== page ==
Posted in book review, travel

Tales of African and Amazonian Exploration

Exploration and the desire to reach the most uninhabitable places on earth was always and still is, the fascination of explorers around the world. Since the 1850s, the world wanted to know more about Africa and the Amazon. One of the most famous questions burning through the minds of explorers was regarding the Source of the Nile in Africa and the presence of a lost city in the Amazon, fabled for its riches. These were the topics of my reads this month. The first was Into Africa: The Remarkable Story of Stanley and Livingstone by Martin Dugard and the other was The Lost City of Z by David Grann.

THe lost city of Z

Into Africa deals with the adventures of David Livingstone and more importantly, the search to find him when he goes missing. Like most explorers of his era, Livingstone was a man fixed on his purpose, which can be gauged from the fact that his 21-year-old son had only seen him for 5 years of his life. His life was dedicated to only one thing-finding the source of the Nile. The discovery of the source was a challenge captivating the hearts and minds of the British explorers. Into Africa talks about this challenge. The book also mentions the previous efforts undertaken by Burton and Speke, but the main protagonists are Livingstone and Henry Morton Stanley.

Livingstone was a Scottish missionary and had undertaken two expeditions previously to Africa. What made him more famous was the fact that he was a commoner and not an aristocrat as all the other British explorers were before him or at that time. He went into Africa to spread the gospels about Jesus but found himself captivated by the land and eventually with the questions of the Nile’s source. So, he set out in 1867 to finally find the answer to that question. His disappearance and ultimate discovery by Stanley forms the crux of the book. In a way, the book and the story give us the lesson that once we set our minds to a task and go about it with diligence, we will succeed eventually. Even though Livingstone failed in finding the source, he made numerous discoveries which led to people getting to know more about the continent from his journals and writings.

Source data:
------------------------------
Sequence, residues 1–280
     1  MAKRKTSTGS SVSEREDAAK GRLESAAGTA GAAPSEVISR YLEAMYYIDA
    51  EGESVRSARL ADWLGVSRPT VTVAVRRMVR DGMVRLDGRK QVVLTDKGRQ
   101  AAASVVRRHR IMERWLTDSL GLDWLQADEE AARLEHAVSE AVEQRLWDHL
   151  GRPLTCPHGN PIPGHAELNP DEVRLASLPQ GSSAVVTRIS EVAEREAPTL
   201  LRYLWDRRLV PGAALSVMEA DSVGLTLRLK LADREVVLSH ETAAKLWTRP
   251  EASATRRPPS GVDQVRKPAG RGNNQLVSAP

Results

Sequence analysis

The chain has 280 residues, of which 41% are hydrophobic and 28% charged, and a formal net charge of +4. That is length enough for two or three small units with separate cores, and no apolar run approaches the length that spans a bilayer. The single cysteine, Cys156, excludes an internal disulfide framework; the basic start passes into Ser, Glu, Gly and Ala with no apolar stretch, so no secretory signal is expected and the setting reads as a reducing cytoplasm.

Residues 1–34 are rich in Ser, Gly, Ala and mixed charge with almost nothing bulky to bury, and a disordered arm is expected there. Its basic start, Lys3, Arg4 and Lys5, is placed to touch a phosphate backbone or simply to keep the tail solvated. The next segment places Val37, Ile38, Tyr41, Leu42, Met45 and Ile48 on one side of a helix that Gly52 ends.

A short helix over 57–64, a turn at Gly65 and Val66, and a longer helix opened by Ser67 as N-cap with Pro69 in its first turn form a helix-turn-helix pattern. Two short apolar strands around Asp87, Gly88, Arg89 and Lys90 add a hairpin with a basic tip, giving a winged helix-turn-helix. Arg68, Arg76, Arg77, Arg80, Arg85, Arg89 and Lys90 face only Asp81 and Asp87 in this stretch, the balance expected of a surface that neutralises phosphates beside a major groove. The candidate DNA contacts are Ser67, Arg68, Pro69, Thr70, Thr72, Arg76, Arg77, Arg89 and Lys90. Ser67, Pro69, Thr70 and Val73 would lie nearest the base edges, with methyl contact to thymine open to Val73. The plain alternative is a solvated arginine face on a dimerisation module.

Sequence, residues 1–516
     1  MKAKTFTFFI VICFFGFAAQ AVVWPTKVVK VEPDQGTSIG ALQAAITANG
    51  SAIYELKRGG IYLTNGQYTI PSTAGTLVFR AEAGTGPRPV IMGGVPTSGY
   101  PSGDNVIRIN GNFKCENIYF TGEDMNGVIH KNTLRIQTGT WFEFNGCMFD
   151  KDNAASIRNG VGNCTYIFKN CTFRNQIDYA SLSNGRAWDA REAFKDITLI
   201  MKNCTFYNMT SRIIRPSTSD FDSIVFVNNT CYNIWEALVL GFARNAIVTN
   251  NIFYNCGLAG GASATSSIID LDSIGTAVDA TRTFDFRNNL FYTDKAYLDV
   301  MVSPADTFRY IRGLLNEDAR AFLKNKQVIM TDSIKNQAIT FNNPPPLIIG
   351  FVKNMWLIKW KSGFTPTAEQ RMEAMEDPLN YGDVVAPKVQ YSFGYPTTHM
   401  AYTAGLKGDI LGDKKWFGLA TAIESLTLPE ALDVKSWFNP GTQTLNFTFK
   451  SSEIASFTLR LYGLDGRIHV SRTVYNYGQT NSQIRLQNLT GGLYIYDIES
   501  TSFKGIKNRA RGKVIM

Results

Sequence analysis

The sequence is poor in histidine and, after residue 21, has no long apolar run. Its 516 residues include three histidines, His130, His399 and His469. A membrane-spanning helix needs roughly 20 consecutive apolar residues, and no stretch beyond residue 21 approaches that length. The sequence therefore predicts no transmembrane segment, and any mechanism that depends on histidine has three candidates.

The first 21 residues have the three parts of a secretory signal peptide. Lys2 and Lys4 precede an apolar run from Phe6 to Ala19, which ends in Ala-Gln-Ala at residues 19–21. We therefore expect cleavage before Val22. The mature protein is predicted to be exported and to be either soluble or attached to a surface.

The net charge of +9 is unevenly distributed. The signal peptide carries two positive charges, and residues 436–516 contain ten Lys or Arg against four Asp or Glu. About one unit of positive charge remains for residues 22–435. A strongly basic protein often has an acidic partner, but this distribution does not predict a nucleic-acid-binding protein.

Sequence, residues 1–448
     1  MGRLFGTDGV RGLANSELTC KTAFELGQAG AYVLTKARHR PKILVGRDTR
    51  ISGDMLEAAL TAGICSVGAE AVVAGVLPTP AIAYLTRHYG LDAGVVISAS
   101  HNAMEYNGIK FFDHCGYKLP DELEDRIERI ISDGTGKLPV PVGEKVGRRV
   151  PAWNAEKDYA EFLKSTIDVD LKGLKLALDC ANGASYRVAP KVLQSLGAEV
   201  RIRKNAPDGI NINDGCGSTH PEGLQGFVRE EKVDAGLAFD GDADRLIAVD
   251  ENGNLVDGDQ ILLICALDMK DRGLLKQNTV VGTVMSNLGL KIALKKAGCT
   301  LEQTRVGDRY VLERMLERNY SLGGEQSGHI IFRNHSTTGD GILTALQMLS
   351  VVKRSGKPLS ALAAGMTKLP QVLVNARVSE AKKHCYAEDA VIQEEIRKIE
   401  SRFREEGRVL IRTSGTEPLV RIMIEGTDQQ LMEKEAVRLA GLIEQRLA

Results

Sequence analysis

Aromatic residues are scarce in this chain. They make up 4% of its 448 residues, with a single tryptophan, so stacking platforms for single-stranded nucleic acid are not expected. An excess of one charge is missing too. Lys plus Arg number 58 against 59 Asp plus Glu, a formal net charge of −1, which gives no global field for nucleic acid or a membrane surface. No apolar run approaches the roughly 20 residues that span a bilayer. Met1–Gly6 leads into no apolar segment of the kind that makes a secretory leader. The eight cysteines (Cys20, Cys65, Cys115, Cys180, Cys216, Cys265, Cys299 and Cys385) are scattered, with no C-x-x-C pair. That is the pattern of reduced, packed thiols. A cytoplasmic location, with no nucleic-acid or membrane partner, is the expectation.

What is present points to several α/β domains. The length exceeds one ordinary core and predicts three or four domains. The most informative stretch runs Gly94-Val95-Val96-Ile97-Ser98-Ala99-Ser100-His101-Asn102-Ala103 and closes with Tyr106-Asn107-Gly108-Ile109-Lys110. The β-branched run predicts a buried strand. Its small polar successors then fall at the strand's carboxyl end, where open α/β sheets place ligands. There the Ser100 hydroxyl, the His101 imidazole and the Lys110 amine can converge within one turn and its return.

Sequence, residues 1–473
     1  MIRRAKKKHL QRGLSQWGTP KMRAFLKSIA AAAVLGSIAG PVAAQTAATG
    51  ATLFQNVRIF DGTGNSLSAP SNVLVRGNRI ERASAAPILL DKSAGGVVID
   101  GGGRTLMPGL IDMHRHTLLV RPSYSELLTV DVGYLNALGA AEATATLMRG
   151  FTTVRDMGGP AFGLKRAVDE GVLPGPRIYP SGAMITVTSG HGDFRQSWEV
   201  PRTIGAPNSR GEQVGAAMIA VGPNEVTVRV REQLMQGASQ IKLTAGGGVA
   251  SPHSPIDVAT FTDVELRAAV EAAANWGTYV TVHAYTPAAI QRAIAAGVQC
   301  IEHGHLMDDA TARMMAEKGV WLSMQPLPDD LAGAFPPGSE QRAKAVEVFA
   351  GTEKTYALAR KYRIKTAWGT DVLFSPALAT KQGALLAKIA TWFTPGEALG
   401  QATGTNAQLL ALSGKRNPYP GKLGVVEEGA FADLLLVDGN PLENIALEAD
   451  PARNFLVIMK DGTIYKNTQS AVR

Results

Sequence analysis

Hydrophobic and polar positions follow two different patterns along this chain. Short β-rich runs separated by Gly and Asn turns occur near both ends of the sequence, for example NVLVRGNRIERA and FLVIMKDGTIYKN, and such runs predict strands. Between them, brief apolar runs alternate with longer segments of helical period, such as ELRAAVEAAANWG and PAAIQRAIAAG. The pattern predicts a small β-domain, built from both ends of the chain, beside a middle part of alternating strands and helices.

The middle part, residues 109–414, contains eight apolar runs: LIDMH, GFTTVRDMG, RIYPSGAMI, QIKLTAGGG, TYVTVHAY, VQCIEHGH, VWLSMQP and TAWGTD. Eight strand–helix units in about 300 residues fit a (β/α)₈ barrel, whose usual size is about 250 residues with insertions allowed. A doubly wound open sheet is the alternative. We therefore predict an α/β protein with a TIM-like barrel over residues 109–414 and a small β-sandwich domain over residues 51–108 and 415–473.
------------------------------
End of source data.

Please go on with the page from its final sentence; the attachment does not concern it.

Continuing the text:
Similar to Africa, there was a myth circulating among the British exploratory circles that the Amazon was once a host of a vast and rich civilization. Though many doubted that an isolated land could harbour such a complex civilization, the evidence was overwhelming enough to point to the affirmative. The city was called Z and the search for it by British explorer Percy Fawcett Jr in the early 1900s forms the heart of The Lost City of Z. The author of the book David Grann retraced Fawcett’s steps as part of his research and ultimately succeeded in finding the lost city which had eluded the explorer.

Both the books are easy reads and make you appreciate the hardships that the early explorers went to help us understand all that we know about these lands today.

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Posted in Poems

If-A Poem by Rudyard Kipling

If you can keep your head when all about you
    Are losing theirs and blaming it on you,
If you can trust yourself when all men doubt you,
    But make allowance for their doubting too;
If you can wait and not be tired by waiting,